Bacteria behind rare disease found in United States for first time ever, CDC issues health advisory
After finding the bacteria behind a rare but serious disease for the first time in the continental United States, the Centers for Disease Control and Prevention (CDC) on Wednesday issued a health advisory to clinicians.
During an investigation of two human melioidosis cases, B. pseudomallei or Burkholderia pseudomallei was detected in puddle water and soil samples in southern Mississippi's Gulf Coast region.
The household products and the environment around the homes of two people, who got sick due to the same bacteria as they lived in close geographic proximity, were investigated.
As a result of the bacteria, they started experiencing nonspecific symptoms such as fever, headaches, and joint pain.
Mostly related to travel to tropical and subtropical regions, there are about 12 cases in the US per year on average.
Linking a cluster of four people across four states to an imported contaminated aromatherapy spray, Melioidosis caused blood infections, abscess formation, and pneumonia.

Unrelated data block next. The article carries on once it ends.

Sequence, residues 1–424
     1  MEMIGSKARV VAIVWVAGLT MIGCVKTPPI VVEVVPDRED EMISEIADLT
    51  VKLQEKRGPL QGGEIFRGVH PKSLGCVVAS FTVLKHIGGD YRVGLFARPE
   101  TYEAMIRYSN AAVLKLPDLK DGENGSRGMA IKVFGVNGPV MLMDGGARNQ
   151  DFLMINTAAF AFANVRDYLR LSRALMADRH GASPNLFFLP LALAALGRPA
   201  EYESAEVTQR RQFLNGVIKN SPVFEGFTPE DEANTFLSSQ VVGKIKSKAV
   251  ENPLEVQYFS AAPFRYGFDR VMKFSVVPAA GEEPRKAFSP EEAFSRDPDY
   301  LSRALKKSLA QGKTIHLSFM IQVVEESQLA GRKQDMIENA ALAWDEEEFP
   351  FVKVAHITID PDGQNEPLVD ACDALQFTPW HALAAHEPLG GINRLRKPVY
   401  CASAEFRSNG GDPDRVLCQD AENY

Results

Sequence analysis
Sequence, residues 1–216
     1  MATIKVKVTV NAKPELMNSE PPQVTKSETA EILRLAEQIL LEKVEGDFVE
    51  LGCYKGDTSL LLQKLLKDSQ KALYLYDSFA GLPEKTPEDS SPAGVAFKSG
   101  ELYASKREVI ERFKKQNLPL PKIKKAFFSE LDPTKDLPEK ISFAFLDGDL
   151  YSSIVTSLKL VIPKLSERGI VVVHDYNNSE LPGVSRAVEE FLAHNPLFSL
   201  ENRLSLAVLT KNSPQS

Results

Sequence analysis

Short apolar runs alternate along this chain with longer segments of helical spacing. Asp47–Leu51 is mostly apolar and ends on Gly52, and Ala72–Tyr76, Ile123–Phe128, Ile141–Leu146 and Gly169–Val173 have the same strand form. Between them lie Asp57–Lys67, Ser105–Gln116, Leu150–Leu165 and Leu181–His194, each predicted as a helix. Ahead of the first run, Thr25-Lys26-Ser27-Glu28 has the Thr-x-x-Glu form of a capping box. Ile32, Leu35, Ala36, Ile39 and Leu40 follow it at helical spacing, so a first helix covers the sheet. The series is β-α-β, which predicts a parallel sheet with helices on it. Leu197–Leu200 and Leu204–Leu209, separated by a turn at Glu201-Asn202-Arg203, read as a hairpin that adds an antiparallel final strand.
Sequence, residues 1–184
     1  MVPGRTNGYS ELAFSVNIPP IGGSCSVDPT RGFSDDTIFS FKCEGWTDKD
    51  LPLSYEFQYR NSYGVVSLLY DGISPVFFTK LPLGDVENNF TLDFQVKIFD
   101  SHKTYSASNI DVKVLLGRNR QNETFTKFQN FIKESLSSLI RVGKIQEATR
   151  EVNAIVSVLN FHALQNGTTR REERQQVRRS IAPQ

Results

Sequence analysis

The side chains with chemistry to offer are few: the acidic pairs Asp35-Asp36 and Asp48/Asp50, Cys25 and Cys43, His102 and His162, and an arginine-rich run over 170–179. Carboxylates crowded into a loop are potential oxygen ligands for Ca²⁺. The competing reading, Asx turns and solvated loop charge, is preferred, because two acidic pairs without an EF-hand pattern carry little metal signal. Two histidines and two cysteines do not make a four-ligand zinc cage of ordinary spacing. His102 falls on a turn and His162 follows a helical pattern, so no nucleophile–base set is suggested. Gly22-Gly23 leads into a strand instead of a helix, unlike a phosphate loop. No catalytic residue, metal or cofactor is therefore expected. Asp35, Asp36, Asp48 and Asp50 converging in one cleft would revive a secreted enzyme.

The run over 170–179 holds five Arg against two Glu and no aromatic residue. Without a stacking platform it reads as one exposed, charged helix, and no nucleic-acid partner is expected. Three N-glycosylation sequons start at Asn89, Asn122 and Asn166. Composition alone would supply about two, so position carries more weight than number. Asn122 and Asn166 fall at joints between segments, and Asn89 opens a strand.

The global death rate for those who come into contact with the bacteria is 10-50 per cent although most healthy people do not develop melioidosis.
Advising people in southern Mississippi to take extra precautions, the CDC said underlying conditions include excessive alcohol use, chronic lung or kidney disease, and diabetes.
Highlighting that the risk of melioidosis for the general population continues to be very low, CDC added that precautions include wearing waterproof boots and gloves while gardening, protecting open wounds with dressing, and avoiding contact with soil and muddy water.